This past weekend there were two heavyweight championship fights at Madison Square Garden in New York City. The two fights on paper shared many of the same parallels. However, in my opinion there was one that was undeniable and stood out above the rest. That was the fact that both defending champions were overachievers, and both challengers were underachievers.

Prior to the first bell, there was one thing that was an absolute certainty in both fights. That was John Ruiz and Chris Byrd weren't going to give their titles away to Andrew Golota and Jameel McCline. If the challengers were going to leave the ring as champions, they'd have to fight and endure some mental and physical fatigue and pressure to accomplish it. And that's something neither challenger had shown they could overcome in previous big fights.

If Jameel McCline had a character transplant with Evander Holyfield Wednesday morning and fought a rematch with Chris Byrd Saturday night, who wins? If you even entertained the thought that Byrd wins again for a tenth of a second, you've wasted a lot of your time watching boxing and need to go back to TV Land reruns.

This past Saturday night McCline, less Holyfield's determination and heart, had Byrd down and hurt, and for the first five rounds was in command. Then a funny thing happened. The fear of losing the title scared the hell out of Byrd. The thought of waking up the next morning without the title was ten times scarier to him than McCline's power and 270 pounds. For Chris Byrd, that's when the fight actually started.

From the very second the fear of losing and not having the title struck Byrd, McCline was forced to raise his game. What worked and was winning for him early no longer was enough. The fact that McCline was bigger, stronger, hit harder, and had the reach meant nothing. As Byrd showed against Ibeabuchi in a losing effort, you have to practically kill him to convince him he can't win.

However, that's not the case with McCline. You don't have to kill him to convince him he can't win. His opponent just has to show that he's willing to go through and do whatever it takes to win and that he won't be denied. When that message is picked up by McCline, it makes him a little uncomfortable and he has not been able to fight through it. That's why he's not a special fighter.  Despite all the physical advantages he holds over Byrd, winning just isn't as urgent to him as it is to Byrd. But you could bet everything you own if he had a character transplant with Holyfield, Byrd couldn't beat him once in ten tries.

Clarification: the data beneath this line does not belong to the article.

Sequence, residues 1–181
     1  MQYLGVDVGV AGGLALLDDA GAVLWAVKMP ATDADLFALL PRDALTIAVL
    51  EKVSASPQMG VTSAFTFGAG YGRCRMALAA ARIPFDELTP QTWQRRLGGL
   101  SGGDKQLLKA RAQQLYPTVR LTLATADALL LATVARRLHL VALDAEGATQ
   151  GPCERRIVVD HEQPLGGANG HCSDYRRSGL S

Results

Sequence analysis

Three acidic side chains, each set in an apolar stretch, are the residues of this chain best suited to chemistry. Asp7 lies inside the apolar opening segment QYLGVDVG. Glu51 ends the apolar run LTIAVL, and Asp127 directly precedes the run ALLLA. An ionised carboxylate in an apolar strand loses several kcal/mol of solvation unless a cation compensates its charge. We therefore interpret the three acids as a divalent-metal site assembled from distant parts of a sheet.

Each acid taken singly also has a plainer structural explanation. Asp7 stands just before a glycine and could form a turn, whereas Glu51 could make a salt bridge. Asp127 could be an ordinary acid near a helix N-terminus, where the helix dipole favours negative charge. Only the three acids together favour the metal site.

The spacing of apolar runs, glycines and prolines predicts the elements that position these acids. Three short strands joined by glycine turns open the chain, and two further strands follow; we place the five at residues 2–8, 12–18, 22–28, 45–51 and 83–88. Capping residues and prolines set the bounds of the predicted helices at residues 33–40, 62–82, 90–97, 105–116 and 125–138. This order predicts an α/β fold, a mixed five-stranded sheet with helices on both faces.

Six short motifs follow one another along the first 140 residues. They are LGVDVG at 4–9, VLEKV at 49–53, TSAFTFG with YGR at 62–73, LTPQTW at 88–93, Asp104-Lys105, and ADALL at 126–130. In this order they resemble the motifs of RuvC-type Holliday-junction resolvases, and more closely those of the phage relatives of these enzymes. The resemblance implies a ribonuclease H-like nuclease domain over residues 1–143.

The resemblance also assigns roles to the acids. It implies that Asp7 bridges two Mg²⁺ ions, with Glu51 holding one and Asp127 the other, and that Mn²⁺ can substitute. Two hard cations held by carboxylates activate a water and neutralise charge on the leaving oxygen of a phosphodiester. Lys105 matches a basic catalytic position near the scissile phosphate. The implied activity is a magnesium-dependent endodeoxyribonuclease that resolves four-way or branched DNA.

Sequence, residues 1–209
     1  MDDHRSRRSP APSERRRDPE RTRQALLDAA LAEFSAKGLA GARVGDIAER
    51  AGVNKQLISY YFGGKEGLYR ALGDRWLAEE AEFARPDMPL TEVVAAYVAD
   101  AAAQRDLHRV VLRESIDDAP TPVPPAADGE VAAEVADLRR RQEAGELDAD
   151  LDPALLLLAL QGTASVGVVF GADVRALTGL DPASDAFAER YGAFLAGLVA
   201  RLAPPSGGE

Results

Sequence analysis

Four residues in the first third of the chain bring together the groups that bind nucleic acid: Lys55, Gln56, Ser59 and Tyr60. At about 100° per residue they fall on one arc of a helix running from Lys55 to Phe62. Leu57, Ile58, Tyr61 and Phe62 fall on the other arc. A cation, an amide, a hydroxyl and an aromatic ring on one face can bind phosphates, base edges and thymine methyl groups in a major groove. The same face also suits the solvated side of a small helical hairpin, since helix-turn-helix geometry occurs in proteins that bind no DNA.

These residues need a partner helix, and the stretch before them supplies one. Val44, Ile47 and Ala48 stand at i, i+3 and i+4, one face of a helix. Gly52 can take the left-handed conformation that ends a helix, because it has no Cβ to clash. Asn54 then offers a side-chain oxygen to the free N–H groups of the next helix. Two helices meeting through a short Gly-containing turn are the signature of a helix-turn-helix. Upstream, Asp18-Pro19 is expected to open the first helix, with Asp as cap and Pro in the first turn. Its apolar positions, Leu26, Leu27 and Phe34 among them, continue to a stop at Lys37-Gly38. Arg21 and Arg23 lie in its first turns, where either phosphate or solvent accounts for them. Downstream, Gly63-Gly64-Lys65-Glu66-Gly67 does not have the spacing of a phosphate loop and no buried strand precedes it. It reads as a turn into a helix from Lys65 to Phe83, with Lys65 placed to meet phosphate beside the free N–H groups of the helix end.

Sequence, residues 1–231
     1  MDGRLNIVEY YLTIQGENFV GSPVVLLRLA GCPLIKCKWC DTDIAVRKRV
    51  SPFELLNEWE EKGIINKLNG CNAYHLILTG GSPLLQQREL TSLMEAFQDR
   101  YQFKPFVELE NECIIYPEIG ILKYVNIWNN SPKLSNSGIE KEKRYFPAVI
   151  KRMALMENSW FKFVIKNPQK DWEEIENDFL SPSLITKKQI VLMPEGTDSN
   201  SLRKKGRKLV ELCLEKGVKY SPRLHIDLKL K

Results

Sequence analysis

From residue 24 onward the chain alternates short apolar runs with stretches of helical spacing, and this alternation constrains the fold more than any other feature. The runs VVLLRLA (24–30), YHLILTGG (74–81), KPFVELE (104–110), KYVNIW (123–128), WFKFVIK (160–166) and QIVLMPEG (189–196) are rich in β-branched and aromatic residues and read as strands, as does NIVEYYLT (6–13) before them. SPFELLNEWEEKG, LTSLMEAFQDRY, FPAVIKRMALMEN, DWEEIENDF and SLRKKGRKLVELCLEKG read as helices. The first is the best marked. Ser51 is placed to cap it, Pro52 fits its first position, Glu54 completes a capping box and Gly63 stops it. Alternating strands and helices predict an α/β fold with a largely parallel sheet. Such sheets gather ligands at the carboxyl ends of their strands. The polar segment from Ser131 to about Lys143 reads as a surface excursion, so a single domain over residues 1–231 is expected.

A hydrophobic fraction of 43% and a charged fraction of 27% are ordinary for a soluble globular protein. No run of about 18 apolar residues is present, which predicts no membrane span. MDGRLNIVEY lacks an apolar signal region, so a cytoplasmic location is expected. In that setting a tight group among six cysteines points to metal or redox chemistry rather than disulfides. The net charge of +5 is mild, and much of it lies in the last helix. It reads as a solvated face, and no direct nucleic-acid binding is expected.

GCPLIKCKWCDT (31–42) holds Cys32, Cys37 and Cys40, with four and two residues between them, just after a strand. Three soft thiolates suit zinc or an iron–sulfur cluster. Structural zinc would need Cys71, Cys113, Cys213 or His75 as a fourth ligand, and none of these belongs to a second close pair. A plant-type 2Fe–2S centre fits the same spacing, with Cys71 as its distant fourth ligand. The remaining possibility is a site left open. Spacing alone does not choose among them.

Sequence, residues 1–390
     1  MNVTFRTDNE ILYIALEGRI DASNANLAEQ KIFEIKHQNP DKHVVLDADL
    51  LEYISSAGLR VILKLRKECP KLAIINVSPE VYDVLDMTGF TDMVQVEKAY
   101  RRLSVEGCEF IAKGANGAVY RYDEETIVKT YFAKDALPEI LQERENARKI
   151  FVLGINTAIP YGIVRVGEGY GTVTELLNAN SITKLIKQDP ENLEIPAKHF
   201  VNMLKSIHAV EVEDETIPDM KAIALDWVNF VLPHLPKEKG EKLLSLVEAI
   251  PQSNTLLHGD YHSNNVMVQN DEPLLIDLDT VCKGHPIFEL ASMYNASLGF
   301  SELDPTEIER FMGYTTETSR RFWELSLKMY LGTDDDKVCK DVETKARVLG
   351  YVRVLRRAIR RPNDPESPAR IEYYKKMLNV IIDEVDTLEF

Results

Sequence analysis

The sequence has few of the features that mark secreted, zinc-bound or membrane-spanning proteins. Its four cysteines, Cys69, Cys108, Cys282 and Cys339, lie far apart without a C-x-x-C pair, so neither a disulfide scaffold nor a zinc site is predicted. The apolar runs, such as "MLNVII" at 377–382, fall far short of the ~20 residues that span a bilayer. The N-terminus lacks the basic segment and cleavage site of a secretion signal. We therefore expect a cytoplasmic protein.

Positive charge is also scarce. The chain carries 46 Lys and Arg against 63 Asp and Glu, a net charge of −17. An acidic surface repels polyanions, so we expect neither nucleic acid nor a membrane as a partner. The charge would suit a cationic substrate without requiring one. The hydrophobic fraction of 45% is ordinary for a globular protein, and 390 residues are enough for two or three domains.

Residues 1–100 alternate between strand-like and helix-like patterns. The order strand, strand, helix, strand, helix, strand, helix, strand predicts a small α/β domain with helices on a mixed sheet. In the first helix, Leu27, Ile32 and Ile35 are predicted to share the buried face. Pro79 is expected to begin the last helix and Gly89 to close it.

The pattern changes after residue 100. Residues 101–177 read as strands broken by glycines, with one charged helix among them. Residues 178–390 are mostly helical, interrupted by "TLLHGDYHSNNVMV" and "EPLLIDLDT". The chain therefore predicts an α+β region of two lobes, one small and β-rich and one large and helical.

Almost the same scenario unfolded in the WBA title fight between defending champ John Ruiz and Andrew Golota. In that fight it was also a given that Ruiz wasn't going to lose the fight by handing it willingly over to Golota. No, for Golota to leave the ring with Ruiz's title, he was going to have to fight him for it.

And like the Byrd-McCline bout, there were some absolutes in this fight as well. Such as Golota being clearly the more skilled fighter and better boxer. Not to mention being a sharper and more accurate puncher with better boxing fundamentals. The only thing Ruiz had over Golota was desire and toughness, and in the end that was the difference. For Golota to walk out of the ring with Ruiz's title, he'd just about have to half kill him. In order for Golota to do that, he'd have to be willing to sacrifice and put himself in the same peril. Something he's never been willing to do in order to win a big fight.

Golota had Ruiz down twice in the second round and was controlling the fight in the early going. And just like Byrd, when Ruiz saw his title and the fight slipping away, it scared him. The fact that Golota could hit him more accurate and harder than he could hit Golota never crossed his mind. All Ruiz knew was that he had to get going and make the fight as rough and nasty as possible and try to convince Golota he wasn't going to win.

Ruiz never stopped trying and forcing the fight, regardless of how bad he looked or what Golota did. Once Golota sensed how determined Ruiz was, his will faded and instead of letting his hands go and nailing a wide open Ruiz as he was coming in, he tightened up and let Ruiz dictate. In a fight that Golota had control of early, once again he came undone and didn't finish. By Golota fighting tentative and not going for it, he left the door open for Ruiz. And that cost him the fight.

Forget about the scoring for a second. The fight was close and many rounds could've gone to either fighter. Why was that? Because Ruiz never stopped trying to win and refused to be denied. As opposed to Golota, who was happy being competitive and keeping it close. Had Golota dug down and fought hard for maybe one or two more rounds, he would be champ today.

When John Ruiz loses, it's to better and more talented fighters. Andrew Golota can do everything in a ring better than John Ruiz can—except win. Golota has never stepped up even for a round in a big fight to give himself a chance to pull it out. John Ruiz is an overachiever who has stepped up and given his all every time out. And that is exactly why he's 5-2-1 in heavyweight title fights and is a two time champ, and Golota is 0-3 in heavyweight title bouts and never held a piece of the title. Ask yourself this question, if Ruiz and Golota had a character transplant Wednesday morning and fought a rematch this Saturday night, who wins?

This past Saturday night the WBA and IBF heavyweight titles were up for grabs. Champions Chris Byrd and John Ruiz have shown that they can get it done and win at the highest level in the heavyweight division, despite giving up size and skill in just about every fight.

I know, Byrd is too small and can't punch, and Ruiz has no skill and is hard to watch. They just win.